Revenue conscious

As the role of the channel continues to evolve, distributors and systems integrators have been compelled to provide services around the products and solutions they supply all in an effort to stay relevant.

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Revenue conscious
By  Piers Ford Published  June 25, 2013

As the role of the channel continues to evolve, distributors and systems integrators have been compelled to provide services around the products and solutions they supply all in an effort to stay relevant. Piers Ford looks at how SIs and distributors are broadening their horizons to earn recurring revenues.

As value-added distributors (VADs) come under increasing pressure to diversify and add to their traditional core portfolio of marketing, logistics and financial services, many of them are looking at systems integration (SI) as a stable and sustainable revenue stream.

With demand for SI high across the Middle East, this sounds like a good strategy. But a number of challenges remain, not least the ever-pressing skills shortage and a lingering sense that VADs lack the flexibility and expertise to meet the specific, focused needs of the big-ticket projects that are driving the market in the region.

The SI landscape is diverse across the Gulf Cooperation Council (GCC) member states, according to Frost & Sullivan’s Information and Communication Technologies Practice. In the UAE, the most advanced country in the region, competition is fierce as it has the best infrastructure in place, and a number of global vendors and systems integrators have chosen to set up their headquarters in Dubai or Abu Dhabi. But there is also strong growth in Saudi Arabia and Qatar, where the infrastructural developments associated with events such as World Cup 2022 are spurring demand on.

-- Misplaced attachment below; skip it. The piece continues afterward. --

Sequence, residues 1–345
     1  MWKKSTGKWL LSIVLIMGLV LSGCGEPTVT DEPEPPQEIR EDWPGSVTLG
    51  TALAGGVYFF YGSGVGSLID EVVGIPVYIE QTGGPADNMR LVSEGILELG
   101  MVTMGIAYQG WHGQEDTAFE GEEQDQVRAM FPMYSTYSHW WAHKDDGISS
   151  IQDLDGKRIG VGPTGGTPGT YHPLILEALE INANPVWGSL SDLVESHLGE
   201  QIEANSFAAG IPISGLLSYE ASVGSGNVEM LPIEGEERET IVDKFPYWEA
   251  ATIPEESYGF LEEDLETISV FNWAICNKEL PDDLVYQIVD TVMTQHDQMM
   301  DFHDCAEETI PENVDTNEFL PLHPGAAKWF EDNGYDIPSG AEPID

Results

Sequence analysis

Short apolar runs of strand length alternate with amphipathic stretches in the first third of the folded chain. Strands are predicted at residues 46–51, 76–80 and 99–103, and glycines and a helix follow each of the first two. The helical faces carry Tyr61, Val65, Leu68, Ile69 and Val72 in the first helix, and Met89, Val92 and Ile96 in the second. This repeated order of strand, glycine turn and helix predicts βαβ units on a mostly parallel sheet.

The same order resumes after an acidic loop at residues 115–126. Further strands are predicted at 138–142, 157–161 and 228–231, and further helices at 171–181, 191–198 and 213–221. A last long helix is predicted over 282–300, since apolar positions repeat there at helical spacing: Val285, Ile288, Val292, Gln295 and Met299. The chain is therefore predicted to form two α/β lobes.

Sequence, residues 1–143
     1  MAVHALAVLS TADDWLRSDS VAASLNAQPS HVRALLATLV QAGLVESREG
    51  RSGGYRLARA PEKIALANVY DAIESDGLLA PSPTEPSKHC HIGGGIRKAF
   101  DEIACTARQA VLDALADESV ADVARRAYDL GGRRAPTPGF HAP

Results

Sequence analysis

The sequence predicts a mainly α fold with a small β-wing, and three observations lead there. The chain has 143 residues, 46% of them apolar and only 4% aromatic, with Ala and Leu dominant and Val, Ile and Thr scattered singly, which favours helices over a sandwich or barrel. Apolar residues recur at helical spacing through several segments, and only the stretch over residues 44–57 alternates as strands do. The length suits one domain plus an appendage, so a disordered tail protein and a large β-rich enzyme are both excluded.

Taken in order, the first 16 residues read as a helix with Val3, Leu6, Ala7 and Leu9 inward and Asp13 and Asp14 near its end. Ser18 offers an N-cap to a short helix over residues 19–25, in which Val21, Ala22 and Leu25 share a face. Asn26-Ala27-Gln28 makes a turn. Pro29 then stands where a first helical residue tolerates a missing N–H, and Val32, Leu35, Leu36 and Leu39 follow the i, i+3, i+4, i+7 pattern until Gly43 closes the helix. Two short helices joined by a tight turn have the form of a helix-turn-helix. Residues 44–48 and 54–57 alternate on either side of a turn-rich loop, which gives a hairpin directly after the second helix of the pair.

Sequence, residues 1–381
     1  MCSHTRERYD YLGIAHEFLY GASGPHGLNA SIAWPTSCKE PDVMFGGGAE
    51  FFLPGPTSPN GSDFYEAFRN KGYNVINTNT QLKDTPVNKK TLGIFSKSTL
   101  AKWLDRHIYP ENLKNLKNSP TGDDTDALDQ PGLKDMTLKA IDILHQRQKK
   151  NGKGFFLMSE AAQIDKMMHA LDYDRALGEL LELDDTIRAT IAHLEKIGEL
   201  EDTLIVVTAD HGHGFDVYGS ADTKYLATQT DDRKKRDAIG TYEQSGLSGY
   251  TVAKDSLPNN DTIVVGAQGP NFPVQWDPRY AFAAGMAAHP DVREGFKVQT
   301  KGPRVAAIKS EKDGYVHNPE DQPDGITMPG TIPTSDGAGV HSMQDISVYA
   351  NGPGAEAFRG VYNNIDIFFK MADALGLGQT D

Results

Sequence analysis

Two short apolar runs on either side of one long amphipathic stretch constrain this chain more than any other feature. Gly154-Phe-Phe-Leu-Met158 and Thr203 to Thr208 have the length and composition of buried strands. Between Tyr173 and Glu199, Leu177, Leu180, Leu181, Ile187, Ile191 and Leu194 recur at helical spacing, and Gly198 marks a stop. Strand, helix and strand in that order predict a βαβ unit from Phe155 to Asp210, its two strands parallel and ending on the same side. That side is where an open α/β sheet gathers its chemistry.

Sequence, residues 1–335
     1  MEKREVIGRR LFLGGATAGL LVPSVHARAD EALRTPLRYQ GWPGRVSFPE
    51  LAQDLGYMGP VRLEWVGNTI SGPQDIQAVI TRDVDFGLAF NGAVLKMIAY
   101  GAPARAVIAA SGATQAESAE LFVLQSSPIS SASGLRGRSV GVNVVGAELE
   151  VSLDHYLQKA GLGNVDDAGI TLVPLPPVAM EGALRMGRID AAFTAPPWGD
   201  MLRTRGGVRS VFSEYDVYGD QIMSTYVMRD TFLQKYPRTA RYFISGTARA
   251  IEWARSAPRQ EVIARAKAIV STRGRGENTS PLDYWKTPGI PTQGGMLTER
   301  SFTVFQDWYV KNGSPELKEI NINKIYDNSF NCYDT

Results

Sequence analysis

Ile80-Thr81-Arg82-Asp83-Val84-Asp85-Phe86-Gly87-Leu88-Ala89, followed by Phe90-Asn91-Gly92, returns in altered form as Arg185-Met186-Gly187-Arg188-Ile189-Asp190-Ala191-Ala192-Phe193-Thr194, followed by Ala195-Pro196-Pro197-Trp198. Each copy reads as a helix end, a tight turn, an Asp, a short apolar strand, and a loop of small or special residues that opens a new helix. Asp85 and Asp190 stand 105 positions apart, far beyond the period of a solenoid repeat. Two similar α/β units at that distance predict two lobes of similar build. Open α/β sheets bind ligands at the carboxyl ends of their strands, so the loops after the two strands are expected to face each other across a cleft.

“Due to infrastructural developments that are taking place in the region, the vast majority of projects are partly supported by governmental funds,” said an analyst at the research firm. “The region is predicted to invest $2.3 trillion on infrastructure between 2010 and 2015. Furthermore, regional governments have also shown increasing support for ICT development in the region. Therefore, both green-field (new transportation, new hospitals and so on) and brownfield (airport and shipyard expansion, hospital renovation) projects are resulting in increased demand for SI services.”

But are VADs in the best position to evolve and play a key role in meeting this demand? Frost & Sullivan suggested that while their traditional range of value-added services has naturally helped them align their business models with SI and create demand for channel partners, only some will shift their focus to SI itself. For the rest, the priority will remain making sure that services and products are available in the right combination to meet customer requirements with a competitive price.

Acquiring the right skills set remains a barrier to SI market entry, with local talent thin on the ground and legislation, relocation costs and high salaries making it difficult to recruit from outside the region.

At leading Middle Eastern SI Gulf Business Machines, Chetan Parekh, regional sales manager for the Systems and Technology Group, said that nevertheless, some VADs are actively adding skills or partnering with specialist companies in order to take advantage of the burgeoning market.

“Today, organisations are changing and adapting to the new reality of having to do a lot more with a lot less, said Parekh. “More and more, they have to operate with decreased departmental budgets. The focus is not only on CAPEX reduction but also on containing and reducing the OPEX.

“SIs are basically a bridge between the technology vendors and customers. The customers’ challenges are the driving forces responsible for changing the way SIs approach their business. One recent trend is a noticeable move towards offering specialised skills. Mobility integration projects are particularly prevalent.”

Other areas where demand for SI services is rising include enterprise application software, cloud computing, security solutions and service-oriented architectures.

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